Shing-Yi Wang, The Wharton School Recruiting International Migrant Labor
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Full Project Title
Recruiting International Migrant Labor: Theory and Evidence
Business Economics and Public Policy, The Wharton School
International migration offers potentially large gains in income for the global poor. Global labor markets, including guest worker programs, may offer individuals better labor market opportunities in other countries. In particular, the small and relatively affluent countries in the Gulf employ a large number of migrants relative to their population. However, despite its promise as a mechanism for reducing poverty in developing countries and reducing global inequality, little is known about the distribution of the welfare gains from international migration, particularly in contexts with extensive labor market intermediation. Our project proposes several strategies for examining the distribution of gains in the context of workers from India seeking work opportunities in the United Arab Emirates. In particular, we focus on the how the recruitment process for workers and the labor supply chain affects the distribution of gains across workers, firms and labor brokers.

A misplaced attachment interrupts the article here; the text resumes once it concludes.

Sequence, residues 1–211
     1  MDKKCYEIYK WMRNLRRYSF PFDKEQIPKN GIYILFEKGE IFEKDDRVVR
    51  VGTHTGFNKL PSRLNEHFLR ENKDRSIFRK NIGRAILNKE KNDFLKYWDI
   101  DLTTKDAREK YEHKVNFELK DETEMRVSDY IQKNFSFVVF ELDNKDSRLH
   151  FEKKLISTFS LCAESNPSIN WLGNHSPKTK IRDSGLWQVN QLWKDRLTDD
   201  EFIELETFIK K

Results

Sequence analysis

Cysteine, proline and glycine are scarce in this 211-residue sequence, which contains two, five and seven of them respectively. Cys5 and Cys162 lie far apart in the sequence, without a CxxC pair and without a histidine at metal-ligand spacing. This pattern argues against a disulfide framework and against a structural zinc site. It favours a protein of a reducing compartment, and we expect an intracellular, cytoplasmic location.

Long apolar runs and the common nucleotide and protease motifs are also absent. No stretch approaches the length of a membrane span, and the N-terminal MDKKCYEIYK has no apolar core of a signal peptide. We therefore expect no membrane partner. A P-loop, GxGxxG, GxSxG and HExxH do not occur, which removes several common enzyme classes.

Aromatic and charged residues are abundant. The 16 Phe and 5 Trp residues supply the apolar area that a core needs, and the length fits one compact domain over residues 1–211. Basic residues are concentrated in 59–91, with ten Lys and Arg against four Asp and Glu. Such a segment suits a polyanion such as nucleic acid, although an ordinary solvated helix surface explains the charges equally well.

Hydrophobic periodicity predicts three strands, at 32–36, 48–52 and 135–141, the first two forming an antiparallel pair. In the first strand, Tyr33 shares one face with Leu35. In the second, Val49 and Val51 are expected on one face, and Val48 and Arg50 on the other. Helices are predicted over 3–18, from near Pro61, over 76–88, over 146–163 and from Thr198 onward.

We propose a novel data collection effort combined with a field experiment and an audit study. The field experiment will randomize job offers among a pool of workers who UAE construction firms screen as qualified. By studying and surveying these groups, we are able to quantify the impact of migration on wages, non-wage amenities and other measures of well-being, and to provide insight into the financial relationship between workers and labor brokers. In addition to the field experiment, we propose to conduct an audit study at the stage where workers first connect with the labor brokers. This will allow us to understand how the initial screening and contract terms are determined during the labor recruitment process.